Nov 202010
  1. Computer ownership doesn’t guarantee computer literacy.
  2. Logic is cumbersome; that’s why humans rarely use it.
  3. Computers don’t contain “brains” any more than stereos contain musical instruments.
  4. Machines only manipulate numbers; people connect them to meaning.
  5. An inexact number is almost always good enough.
  6. Computers are just fast calculators pushing their own buttons.
  7. Digital information travels better, like mailing cookie recipes instead of cookies.
  8. Computers are like cars – they’re great for speed, but you have to steer them.
  9. People run too many errands for their machines, especially if they think they have to.
  10. If you don’t want to be replaced by a machine, don’t act like one.

[from Anzo Penzias, Ideas and Information, 1989]

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Nov 202010
  1. Be more personal.
  2. Let the public in on news decision-making.
  3. Be more focused and intentional – stop trying to be everything to everybody.
  4. Print the truth, not just the facts.
  5. Don’t just report, teach. Become a resource and not just a product.
  6. Be more local.
  7. Give readers access to source material (like the full text of interviews).
  8. Add multiple RSS feeds to web sites.
  9. Add email addresses to stories.
  10. Learn to change in response to the flow of news or market conditions.

Don’t think of this article as a primer for journalists, think of it as an outline of what to expect from your source of news.

[SOURCE: First Draft, AUTHOR: Tim Porter]

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Nov 192010

In truth, American libraries and the profession of librarianship are confronted with a structural transformation in the overall economy. It is nothing less than thorough privatization of the information function. The production, processing, storing and transmission of information have been scooped up into private, for-profit hands. Social sources and repositories of information have been taken over for commercial use and benefit. It is not because American libraries and library schools have fallen behind in the mastery of the new information technology that their existence increasingly is called into question. It is their bedrock principles and long-term practices that collide with the realities of today’s corporate-centered and market-driven economy. The extent to which librarians insist on free and untrammeled access to information, ‘unrestricted by administrative barriers, geography, ability to pay or format,’ they will be treated by the privatizers as backward-looking, if not obsolete, irrelevant, and unrealistic.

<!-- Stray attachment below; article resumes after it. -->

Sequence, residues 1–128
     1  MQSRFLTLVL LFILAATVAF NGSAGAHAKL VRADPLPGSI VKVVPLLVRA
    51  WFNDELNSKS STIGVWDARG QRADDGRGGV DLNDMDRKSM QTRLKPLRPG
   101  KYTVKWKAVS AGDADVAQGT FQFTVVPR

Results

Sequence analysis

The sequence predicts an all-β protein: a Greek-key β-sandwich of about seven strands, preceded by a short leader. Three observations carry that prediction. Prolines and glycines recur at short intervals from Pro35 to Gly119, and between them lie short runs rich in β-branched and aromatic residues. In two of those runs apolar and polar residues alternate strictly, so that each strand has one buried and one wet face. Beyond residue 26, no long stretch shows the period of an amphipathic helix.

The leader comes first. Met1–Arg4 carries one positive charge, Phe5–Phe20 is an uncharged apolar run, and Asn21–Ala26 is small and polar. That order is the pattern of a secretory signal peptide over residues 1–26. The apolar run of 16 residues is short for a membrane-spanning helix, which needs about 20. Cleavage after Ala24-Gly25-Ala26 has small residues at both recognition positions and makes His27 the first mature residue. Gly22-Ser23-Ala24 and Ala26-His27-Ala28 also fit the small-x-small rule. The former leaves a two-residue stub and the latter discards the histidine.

The technology issue, therefore, is merely a screen behind which a far-reaching and socially regressive institutional change has occurred. The focus on technology also serves to delude many, librarians included, that the new means to achieve status and respect is to concentrate on the machinery of information, production, and transmission. When and if this focus turns regidly exclusive, wittingly or not, the social basis of the profession and the needs of the majority of people are left unattended.”

Information Inequality: The Deepening Social Crisis in America, p. 36. (Routledge, 1996)

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Nov 192010